A faraway look or disconnect when your child is talking to you is another signal for your child that something’s not quite right.

They know when mommy seems less patient than usual and hands out consequences quickly.

They can read sadness and anger on your face better than you think.

We like to think that young children are blissfully unaware of the difficult parts of life.  The truth is that they are just taking it in.  They are watching our reactions to learn how to react to something similar, and they are internalizing negative feelings when we snap in response to some small behavior.


  • We need to define it and help them make the connections between rapid heart rate or tensed muscles and feelings of stress.
  • We need to model effective ways to cope with stress.
  • We need to teach breathing and visualization exercises.
  • We need to teach them to reframe their thoughts and focus on something positive.
  • We need to teach them to put their stress away.
  • We need to take care of ourselves so that our stress doesn’t become their stress.
  • We need to take care of them.

Stressed out parenting leads to stressed out kids.  It’s our job to cope with our own stress so that we can teach our children effective strategies for taking care of theirs.

How do you help your kids cope with stress?

Katie is a Child & Adolescent Psychotherapist/Parenting Consultant in Los Angeles, CA.  She has a four year old daughter, two year old son, and a rock and roll husband who makes her life complete. Katie has a parenting advice blog at can also be found on Twitter.

Teacher Suzy

Sunday 16th of October 2011

I found this article very informative and agree with all that you have said. This is also the case with those stressed out teachers. Stressed out and hyper active teachers have hyper and stressed out kids. This leads to behavioural problems and all the above mentioned symptoms. I wish more teachers could read and understand this too.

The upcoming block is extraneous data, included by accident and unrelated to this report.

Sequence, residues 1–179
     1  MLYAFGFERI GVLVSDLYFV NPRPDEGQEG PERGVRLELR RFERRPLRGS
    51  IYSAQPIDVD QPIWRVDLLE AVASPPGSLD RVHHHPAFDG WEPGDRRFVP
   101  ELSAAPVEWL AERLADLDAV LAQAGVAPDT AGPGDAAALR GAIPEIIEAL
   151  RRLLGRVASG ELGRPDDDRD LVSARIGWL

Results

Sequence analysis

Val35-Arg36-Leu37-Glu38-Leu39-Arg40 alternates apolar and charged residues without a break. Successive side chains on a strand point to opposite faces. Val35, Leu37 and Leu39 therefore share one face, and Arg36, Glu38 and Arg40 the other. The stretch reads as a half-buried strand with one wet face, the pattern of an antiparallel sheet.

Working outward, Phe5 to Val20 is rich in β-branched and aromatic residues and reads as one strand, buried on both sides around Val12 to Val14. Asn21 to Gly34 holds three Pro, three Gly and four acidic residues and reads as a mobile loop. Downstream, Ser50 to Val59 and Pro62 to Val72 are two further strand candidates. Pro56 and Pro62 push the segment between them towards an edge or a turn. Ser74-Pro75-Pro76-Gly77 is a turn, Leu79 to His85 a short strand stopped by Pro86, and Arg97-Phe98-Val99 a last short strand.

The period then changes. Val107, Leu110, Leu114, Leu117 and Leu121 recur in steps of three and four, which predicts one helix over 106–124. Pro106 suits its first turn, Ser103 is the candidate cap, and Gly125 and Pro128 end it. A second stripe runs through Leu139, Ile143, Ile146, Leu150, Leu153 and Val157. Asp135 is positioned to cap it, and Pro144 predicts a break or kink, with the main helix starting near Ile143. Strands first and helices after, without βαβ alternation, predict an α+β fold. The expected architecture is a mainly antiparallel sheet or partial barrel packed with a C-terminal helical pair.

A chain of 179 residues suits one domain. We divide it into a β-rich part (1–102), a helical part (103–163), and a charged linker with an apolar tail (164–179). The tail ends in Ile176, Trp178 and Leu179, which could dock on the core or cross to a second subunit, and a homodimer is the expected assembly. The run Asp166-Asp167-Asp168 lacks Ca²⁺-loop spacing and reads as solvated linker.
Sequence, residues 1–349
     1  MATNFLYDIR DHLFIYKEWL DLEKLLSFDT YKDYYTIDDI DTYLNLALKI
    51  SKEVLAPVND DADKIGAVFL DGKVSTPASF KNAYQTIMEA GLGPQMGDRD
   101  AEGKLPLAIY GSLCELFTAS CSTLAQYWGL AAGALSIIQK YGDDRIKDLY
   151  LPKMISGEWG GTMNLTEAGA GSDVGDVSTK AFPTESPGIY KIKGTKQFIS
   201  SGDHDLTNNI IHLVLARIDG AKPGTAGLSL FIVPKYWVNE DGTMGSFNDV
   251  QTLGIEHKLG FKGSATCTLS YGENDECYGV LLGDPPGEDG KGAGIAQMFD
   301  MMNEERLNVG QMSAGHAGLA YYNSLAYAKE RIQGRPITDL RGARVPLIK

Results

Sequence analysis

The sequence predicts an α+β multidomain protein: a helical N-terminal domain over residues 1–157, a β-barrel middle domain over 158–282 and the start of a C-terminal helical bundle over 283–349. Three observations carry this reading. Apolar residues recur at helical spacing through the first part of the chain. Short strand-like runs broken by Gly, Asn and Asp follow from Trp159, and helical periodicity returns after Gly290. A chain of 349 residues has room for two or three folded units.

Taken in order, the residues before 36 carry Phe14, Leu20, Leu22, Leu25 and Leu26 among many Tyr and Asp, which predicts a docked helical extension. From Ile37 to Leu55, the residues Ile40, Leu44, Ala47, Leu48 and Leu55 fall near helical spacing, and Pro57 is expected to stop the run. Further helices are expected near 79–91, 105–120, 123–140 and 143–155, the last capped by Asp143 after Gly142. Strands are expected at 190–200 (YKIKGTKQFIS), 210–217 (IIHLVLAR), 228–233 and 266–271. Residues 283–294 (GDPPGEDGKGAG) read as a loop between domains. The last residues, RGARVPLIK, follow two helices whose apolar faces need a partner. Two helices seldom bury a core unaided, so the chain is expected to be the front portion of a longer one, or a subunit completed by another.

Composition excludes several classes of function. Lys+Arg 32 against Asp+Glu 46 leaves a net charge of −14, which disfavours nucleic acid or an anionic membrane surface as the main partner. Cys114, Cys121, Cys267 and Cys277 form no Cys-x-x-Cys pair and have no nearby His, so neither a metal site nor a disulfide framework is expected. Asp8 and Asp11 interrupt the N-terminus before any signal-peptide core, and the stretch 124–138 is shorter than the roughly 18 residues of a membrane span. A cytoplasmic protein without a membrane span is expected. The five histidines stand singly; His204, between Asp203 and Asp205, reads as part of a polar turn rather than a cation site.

Saturday 15th of October 2011

Thanks for a wonderfully informative article... Never though how my stress could affect my kids until now. Makes perfect sense. And good timing, as my daughter has been asking lately, "Why are you being mean?" - since I haven't been unusually tough on her, I'm betting she's sensing my stress...

Mommy 2.0

Thursday 13th of October 2011

This is a fantastic read, Katie, and I am so glad that the jist of the article did not focus on NOT being stressed out but rather to help kids understand and deal with stress. Although I am constantly waging war against all the stressors you mentioned, I have found that there are a few things that help. Using the "take a deep breath" tactic, often helps settle my nerves even if it doesn't soothe a tantrum. And Rescue Gum, an herbal homeopathic stress reliever I found at Whole foods. Now I see that I need to think about ways to guide my kids toward their own stress relief. Thanks!!

Chuck Romano

Wednesday 12th of October 2011

A very informative and relevant article. We parents oftentimes fifer that our stress affects our children. It is a serious problem that needs to be actively addressed. The way we deal with our own stress will be the lessons we teach to our children.